Daniel Belsky, PhD
Dr. Belsky’s research sits at the intersection of public health, population & behavioral sciences, and genomics. His studies seek to understand how genes and environments combine to shape health across the life course. The goal of Dan’s work is to reduce social inequalities in aging outcomes in the US and elsewhere. Dan’s research in genetic epidemiology includes polygenic score studies of the development of obesity, asthma, smoking behavior, depression, and socioeconomic risk. His work in aging has focused on the development and analysis of algorithms to quantify the process of biological aging, especially in young and midlife adults.
Jerry Shay, PhD
Dr. Shay is the Vice Chairman of Cell Biology, an Associate Director of the Simmons’ NCI Designated Comprehensive Cancer Center, and holds The Southland Financial Foundation Distinguished Chair in Geriatrics Research at UT Southwestern Medical Center in Dallas Texas. Dr. Shay’s seminal work on the relationships of telomeres and telomerase to aging and cancer is well recognized. Dr. Shay is on the Scientific Advisory Board for Reata Pharmaceuticals, Life Length, and is a Founding Scientist of Barricade Pharmaceuticals and THIO Therapeutics. He recently started a new company, Telos Biotech, that is using telomerase to improve immune cell function as part of normal aging and in diseases of telomere dysfunction.
Daniel Nettle, PhD
Originally trained as a biological anthropologist, Daniel Nettle now works on a variety of health- and behavior-related topics in both humans and birds. He became interested in telomere dynamics as a way of capturing impacts of early-life factors on adult health. This lead to a series of studies modelling telomere dynamics in relation to environmental exposures, and investigating the best ways of analyzing telomere data. Nettle is a Professor in Newcastle University’s Population Health Sciences Institute.
Dan Eisenberg, PhD
Dan is a biological anthropologist who studies how evolution has shaped human biology. Dan’s research is primarily on telomere biology and has principally been in collaboration with population-based studies in non-western contexts such as the Cebu Longitudinal Health and Nutrition Survey in the Philippines and the Tsimane’ Amazonian Panel Study in Bolivia. His telomere research particularly focuses on better understanding the fitness costs and benefits of long and short telomeres and intergenerational dynamics. Dan’s laboratory specializes in telomere length measurement and he has contributed multiple publications aimed at improving telomere length measurements and statistical analyses of telomeres. He is an Associate Professor in the Department of Anthropology, and Adjunct Associate Professor in the Department of Biology at the University of Washington.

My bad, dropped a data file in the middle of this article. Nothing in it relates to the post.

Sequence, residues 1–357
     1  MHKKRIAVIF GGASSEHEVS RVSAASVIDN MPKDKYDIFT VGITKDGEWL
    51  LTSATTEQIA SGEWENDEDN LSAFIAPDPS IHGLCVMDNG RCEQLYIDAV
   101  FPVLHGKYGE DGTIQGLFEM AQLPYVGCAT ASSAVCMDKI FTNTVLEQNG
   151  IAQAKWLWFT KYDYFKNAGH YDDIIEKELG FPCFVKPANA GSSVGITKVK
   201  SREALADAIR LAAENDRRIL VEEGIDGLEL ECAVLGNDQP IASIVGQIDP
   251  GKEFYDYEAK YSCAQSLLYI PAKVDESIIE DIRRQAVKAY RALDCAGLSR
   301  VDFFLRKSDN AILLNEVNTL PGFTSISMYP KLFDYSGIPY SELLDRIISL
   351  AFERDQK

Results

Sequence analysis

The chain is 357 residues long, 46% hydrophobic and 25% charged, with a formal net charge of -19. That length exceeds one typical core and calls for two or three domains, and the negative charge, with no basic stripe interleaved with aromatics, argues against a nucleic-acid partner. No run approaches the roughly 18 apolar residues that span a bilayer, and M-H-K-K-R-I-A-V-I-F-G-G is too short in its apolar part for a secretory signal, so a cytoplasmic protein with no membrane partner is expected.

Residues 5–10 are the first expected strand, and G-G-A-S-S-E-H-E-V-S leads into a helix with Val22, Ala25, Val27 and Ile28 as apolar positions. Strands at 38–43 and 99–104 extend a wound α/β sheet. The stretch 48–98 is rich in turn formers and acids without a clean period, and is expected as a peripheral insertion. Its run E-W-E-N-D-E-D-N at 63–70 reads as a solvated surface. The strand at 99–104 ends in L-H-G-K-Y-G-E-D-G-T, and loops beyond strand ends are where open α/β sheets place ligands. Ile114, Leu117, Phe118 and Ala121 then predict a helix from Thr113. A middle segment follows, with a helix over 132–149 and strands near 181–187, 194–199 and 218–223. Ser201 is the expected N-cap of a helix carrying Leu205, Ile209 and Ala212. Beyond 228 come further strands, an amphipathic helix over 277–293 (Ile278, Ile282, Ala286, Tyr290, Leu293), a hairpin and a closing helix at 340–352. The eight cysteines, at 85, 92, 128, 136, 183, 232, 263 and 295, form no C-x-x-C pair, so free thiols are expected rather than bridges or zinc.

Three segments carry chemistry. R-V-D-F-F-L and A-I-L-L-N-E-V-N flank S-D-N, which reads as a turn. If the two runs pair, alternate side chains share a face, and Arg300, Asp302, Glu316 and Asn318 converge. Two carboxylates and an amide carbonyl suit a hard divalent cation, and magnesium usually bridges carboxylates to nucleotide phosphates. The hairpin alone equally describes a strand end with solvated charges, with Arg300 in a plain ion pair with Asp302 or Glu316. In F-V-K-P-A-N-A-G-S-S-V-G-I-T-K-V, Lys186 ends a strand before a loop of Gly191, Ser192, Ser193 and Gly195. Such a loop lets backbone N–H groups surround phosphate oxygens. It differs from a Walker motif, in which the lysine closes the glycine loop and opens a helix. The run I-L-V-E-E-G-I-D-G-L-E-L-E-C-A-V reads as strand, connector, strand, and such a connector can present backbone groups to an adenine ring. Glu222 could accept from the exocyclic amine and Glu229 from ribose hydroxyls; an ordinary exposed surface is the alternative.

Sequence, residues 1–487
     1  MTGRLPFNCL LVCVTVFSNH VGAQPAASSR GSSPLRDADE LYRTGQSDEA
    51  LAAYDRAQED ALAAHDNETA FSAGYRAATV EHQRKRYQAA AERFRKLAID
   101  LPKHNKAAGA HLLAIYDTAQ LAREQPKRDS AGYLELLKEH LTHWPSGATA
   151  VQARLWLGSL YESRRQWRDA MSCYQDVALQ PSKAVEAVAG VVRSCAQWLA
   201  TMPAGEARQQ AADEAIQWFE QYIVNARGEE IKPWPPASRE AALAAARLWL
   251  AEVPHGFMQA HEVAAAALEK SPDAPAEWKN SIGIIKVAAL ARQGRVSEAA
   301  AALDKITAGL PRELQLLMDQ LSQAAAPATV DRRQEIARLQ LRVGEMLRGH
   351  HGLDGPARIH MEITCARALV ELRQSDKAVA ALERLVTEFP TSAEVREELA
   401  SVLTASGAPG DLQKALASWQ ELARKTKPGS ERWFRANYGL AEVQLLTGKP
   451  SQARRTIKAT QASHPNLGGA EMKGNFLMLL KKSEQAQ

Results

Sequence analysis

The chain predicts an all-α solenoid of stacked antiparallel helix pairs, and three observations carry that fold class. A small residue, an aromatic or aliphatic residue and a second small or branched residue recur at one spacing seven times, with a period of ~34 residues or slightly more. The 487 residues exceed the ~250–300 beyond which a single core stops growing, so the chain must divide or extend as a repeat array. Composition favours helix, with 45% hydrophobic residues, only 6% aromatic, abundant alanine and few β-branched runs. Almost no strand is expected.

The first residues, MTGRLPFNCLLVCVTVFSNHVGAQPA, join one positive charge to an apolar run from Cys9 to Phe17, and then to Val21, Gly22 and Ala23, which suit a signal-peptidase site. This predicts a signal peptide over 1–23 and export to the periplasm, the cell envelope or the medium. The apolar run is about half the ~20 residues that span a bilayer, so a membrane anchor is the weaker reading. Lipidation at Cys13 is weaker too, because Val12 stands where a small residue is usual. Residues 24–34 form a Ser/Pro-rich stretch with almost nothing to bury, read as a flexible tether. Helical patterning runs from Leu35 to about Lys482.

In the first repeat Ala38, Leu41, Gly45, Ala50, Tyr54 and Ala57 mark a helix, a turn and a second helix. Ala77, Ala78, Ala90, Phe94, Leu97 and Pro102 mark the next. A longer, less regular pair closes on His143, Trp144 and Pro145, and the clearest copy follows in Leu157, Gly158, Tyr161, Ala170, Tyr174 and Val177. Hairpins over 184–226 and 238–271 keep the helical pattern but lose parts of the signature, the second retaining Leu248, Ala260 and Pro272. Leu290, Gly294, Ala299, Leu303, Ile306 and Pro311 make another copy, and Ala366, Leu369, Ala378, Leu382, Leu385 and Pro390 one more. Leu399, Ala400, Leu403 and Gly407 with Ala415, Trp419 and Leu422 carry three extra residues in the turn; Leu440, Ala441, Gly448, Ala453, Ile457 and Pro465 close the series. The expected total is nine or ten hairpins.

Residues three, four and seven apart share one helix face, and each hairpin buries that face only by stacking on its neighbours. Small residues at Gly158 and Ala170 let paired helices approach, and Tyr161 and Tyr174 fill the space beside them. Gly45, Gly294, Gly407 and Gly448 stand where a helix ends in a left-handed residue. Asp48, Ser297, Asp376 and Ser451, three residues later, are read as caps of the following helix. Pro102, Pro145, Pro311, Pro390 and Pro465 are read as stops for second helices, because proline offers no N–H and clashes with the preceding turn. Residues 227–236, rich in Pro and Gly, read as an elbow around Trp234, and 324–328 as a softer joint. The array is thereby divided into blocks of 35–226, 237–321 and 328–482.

Sonja Entringer, PhD
Dr. Entringer is a tenured Professor of Medical Psychology at the Charité Universitätsmedizin, Berlin and an Adjunct Associate Professor at the Development, Health and Disease Research Program of the University of California, Irvine. Her major academic interests are in the area of developmental programming of health and disease risk. She examines the interface between biological, social and behavioral processes in human pregnancy, with an emphasis on outcomes related to fetal development, birth outcomes, and subsequent newborn, infant and child development and health. Dr. Entringer is the recipient of several honors and awards, including recognition for her early-career contributions from the International Society of Psychoneuroendocrinology. She has been recently elected as a fellow of the Academy of Behavioral Medicine Research.
Eileen Crimmins, PhD
Dr. Crimmins is the AARP Chair in Gerontology, and University Professor at the Davis School of Gerontology at the University of Southern California in Los Angles. She co-directs the USC/UCLA Center on Biodemography and Population Health, the NIA sponsored Biomarker Network, and the Multidisciplinary Research in Gerontology Training Program at USC. She is a member of the National Academy of Sciences, the National Academy of Medicine, and fellow of the American Association for the Advancement of Science. She received her PhD in Demography from The University of Pennsylvania. Crimmins’ research is in the area of factors promoting healthy aging and healthy life expectancy which examines the interaction of trends in life expectancy and population health. She has received the Kleemeier award for research from the Gerontological Society of America and the Matilda White Riley Distinguished Scholar Award from the Section on Aging and the Lifecourse of the American Sociological Society.